Sierra Vista residents still hot over natural gas outage
SIERRA VISTA, Ariz. (KGUN9-TV) - People who live in Cochise County are still mighty hot over some cold nights in February when Southwest Gas shut down their service.
Thousands of customers in Sierra Vista felt the same frigid frustration as Southwest Gas customers in Tucson. They were caught in a very hard freeze when Southwest Gas shutdown large swaths of its system due to a shortage from its supplier. Nearly 14,000 customers in both cities were left in the cold while daytime temperatures hovered in the 30's and overnight temperatures dipped into the teens or even single digits.
Wednesday night, state regulators came to Sierra Vista to learn more about what they might do to prevent another chilly rerun. Residents were eager to line up to give their two cents.
Robert Hebert told 9 On Your Side he had just come home from open heart surgery when his natural gas was shut off.
"Here I am in bed wrapped in blankets, with a space heater sitting on my chest, trying to cope for several days with no knowledge of when the gas will be turned back on," Hebert recalled.
Residents told the Arizona Corporation Commission even if Southwest Gas really was at the mercy of another supplier that couldn't meet its supply obligations, at least Southwest could have warned customers in advance so they'd have a chance to prepare for trouble.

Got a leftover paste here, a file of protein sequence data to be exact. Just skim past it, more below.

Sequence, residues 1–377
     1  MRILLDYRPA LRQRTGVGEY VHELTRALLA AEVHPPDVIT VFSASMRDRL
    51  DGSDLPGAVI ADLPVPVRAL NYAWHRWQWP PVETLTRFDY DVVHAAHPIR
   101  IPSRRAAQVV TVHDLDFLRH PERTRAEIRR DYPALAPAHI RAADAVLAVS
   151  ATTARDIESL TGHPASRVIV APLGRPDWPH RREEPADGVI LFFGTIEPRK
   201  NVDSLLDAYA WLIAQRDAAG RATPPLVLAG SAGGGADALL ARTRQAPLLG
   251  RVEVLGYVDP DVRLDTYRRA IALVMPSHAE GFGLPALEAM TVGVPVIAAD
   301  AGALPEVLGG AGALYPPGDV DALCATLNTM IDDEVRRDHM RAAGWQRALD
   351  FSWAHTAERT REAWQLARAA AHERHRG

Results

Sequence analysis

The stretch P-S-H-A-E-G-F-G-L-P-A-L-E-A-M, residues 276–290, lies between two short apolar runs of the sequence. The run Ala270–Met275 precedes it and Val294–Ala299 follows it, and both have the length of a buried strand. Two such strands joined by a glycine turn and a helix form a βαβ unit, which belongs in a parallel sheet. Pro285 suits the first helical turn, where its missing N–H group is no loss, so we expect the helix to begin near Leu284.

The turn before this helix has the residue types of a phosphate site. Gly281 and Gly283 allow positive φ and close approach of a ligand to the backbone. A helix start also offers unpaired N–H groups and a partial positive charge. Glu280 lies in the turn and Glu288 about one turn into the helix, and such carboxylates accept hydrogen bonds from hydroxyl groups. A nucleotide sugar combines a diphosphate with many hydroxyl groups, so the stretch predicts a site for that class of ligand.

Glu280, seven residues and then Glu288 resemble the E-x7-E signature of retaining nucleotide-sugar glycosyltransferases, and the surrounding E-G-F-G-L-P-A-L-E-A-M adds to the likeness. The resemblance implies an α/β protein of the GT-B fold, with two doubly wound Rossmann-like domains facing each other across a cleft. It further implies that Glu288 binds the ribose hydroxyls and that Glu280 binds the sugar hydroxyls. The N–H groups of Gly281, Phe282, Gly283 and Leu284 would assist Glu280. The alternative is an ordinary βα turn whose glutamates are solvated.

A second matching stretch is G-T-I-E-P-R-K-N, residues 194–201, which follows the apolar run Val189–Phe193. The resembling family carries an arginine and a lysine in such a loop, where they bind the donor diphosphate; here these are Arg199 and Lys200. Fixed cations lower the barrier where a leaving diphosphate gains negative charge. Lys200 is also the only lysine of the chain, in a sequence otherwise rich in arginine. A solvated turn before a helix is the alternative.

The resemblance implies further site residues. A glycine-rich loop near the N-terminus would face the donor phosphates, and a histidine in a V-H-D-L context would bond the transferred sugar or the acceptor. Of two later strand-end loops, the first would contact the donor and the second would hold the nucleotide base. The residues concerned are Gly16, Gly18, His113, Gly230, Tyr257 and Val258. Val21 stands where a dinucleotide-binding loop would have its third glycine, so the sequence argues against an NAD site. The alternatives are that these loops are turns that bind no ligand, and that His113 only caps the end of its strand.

Gary Lium said he found out the gas was gone when a furnace repair technician told him the furnace at his son's house was fine, but the gas was the problem. By the time Lium got home, his furnace was out and his water heater was frozen.
"Its like a thief coming during the night breaking into your house. They did the same thing by shutting our gas off," Liam told the regulators. "It caused damage. It caused life to be at risk."
Commission chair Gary Pierce said the commission can fine Southwest Gas if it decides the company did not do all it should have.
"A lot of these people are hoping for reimbursement for their time, trouble, expense, hotel, repairs can the commission help on that?" asked 9 On Your Side reporter Craig Smith.
"That's an area I'm not sure we have the legal authority to do," Pierce answered. He added that in order to get compensation, customers may have to file a class action lawsuit against El Paso Gas, the company that did not supply Southwest the gas it asked for.
Southwest Gas officials were simply taking notes until Commissioner Paul Newman demanded they step to the microphone.
Southwest Gas attorney Justin Lee Brown told the audience, "I want everyone to know we are here. We are listening. We're communicating with our customers to elicit feedback because we want to make sure in the future we do a better job of meeting your expectations in the event there is an issue in the future. "
Southwest Gas said its rate tariff, approved by the Corporation Commission, protects it from reimbursement claims if its gas supply is interrupted; but it may reimburse for very specific cases where someone ran up an appliance service charge because they called a service tech, not knowing the furnace wasn't working because it didn't have gas.
As for damage from frozen and burst pipes, Southwest Gas said losing gas in that sort of weather is not the only reason the pipes could freeze.
For Tucson victims of the February freeze, and gas outage the Arizona Corporation Commission will hold a similar meeting Thursday. It will be 6pm at Desert Sky Middle School, 9850 Rankin Loop.